Publication Date: July 2019
Vendors and merchants currently face a variety of testing and certification challenges in connection with the implementation and deployment of Level 3 (L3) certified contactless solutions. Many of these stem from inconsistencies among payment network certification requirements for contactless. A more consistent, more streamlined, and less intrusive contactless certification process would likely help address these challenges and, as a result, help decrease associated burdens on merchants and other payments industry stakeholders.
When the U.S. first began its transition to EMV, stakeholders were on an upward learning curve and eager to address potential liability shifts. Now, clients and vendors have a much better understanding of EMV and EMV certification, and new liability shifts for automated fuel dispensers (AFDs) are scheduled for 2020. These factors, along with Visa’s streamlined contactless Level 3 chip certifications approach, as well as concerns among AFD vendors and merchants regarding the short amount of time remaining to certify before AFD liability shifts, and the anticipated time needed to certify under current requirements, suggest this may be an opportune time to rethink and optimize overall EMV contactless certification.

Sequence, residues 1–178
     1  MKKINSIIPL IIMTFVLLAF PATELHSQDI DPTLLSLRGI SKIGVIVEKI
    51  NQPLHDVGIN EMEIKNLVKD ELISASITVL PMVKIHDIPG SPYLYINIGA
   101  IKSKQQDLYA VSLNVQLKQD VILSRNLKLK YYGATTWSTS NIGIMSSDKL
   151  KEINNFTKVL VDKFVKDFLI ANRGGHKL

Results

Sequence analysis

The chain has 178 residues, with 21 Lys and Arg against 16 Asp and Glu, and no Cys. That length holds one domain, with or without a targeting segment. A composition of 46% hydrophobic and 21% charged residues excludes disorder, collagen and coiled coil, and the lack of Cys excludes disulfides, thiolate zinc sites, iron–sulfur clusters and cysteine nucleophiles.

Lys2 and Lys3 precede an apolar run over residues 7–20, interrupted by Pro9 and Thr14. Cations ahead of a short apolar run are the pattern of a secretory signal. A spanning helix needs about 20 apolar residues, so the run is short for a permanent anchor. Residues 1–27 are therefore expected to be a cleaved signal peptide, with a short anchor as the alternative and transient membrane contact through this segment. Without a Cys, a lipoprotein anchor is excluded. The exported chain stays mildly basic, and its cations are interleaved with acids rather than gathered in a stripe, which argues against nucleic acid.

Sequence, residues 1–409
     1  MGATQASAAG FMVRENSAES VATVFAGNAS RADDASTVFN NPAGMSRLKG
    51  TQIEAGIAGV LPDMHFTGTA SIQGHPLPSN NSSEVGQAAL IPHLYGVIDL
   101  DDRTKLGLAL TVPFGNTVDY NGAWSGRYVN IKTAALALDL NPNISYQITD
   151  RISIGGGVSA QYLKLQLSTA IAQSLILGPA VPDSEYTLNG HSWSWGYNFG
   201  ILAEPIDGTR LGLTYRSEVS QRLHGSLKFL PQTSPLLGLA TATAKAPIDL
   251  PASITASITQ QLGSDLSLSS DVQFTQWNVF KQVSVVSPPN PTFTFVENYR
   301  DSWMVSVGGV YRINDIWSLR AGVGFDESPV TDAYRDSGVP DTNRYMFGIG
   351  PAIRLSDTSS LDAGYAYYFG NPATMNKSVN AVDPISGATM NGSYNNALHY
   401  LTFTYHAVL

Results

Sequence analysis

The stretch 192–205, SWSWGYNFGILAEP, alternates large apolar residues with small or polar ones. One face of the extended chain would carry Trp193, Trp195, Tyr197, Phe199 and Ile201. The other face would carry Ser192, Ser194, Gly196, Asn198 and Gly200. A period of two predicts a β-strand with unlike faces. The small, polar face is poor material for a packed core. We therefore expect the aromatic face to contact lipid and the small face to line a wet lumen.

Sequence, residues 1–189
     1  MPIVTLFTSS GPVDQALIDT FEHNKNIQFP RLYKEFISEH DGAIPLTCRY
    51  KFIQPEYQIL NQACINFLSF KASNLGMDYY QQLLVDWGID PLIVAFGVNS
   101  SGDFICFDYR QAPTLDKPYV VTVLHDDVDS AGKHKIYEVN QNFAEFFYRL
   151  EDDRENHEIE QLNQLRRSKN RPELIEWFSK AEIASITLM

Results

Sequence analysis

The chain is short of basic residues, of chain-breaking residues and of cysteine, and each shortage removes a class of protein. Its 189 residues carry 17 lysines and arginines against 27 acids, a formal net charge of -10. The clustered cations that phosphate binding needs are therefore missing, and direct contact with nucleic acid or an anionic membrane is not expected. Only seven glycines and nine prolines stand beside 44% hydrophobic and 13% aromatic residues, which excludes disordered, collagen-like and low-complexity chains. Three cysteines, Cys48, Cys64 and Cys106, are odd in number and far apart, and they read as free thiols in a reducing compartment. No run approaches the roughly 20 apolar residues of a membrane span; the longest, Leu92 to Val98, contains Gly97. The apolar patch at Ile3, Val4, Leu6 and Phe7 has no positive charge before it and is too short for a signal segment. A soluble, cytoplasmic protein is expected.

The U.S. Payments Forum Testing and Certification Working Committee identified possible testing and certification challenges to implementation and deployment of Level 3 (L3) certified contactless implementations for merchants. This white paper describes these challenges and opportunities to address them, and proposes possible solutions.
As suggested in this paper, many aspects of certification can be considered and potentially improved and streamlined: from intake forms for initial payment network certification to acknowledgement of a certified solution and the role of regression testing.
This document is intended to further that process, by providing payment networks, acquirers and vendors with concrete opportunities for streamlining and optimizing contactless certification, in a way that could prove critical for broad contactless acceptance in the U.S., and at the same time, help increase efficiency by saving resources and expense and avoiding overlapping and repeated testing.
It is in this spirit that this white paper is presented.
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